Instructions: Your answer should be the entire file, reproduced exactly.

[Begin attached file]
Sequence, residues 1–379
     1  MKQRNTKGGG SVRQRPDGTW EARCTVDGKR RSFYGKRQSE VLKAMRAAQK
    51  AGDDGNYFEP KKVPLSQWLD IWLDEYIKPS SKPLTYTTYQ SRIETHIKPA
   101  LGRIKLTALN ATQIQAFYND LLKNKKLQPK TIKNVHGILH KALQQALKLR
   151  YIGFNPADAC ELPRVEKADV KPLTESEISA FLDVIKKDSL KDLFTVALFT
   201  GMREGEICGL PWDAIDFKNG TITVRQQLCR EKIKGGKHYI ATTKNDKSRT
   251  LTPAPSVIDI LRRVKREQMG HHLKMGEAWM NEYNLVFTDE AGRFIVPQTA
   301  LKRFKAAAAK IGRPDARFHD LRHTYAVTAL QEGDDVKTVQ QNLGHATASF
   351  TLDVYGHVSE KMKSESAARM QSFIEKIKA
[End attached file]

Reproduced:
Sequence, residues 1–379
     1  MKQRNTKGGG SVRQRPDGTW EARCTVDGKR RSFYGKRQSE VLKAMRAAQK
    51  AGDDGNYFEP KKVPLSQWLD IWLDEYIKPS SKPLTYTTYQ SRIETHIKPA
   101  LGRIKLTALN ATQIQAFYND LLKNKKLQPK TIKNVHGILH KALQQALKLR
   151  YIGFNPADAC ELPRVEKADV KPLTESEISA FLDVIKKDSL KDLFTVALFT
   201  GMREGEICGL PWDAIDFKNG TITVRQQLCR EKIKGGKHYI ATTKNDKSRT
   251  LTPAPSVIDI LRRVKREQMG HHLKMGEAWM NEYNLVFTDE AGRFIVPQTA
   301  LKRFKAAAAK IGRPDARFHD LRHTYAVTAL QEGDDVKTVQ QNLGHATASF
   351  TLDVYGHVSE KMKSESAARM QSFIEKIKA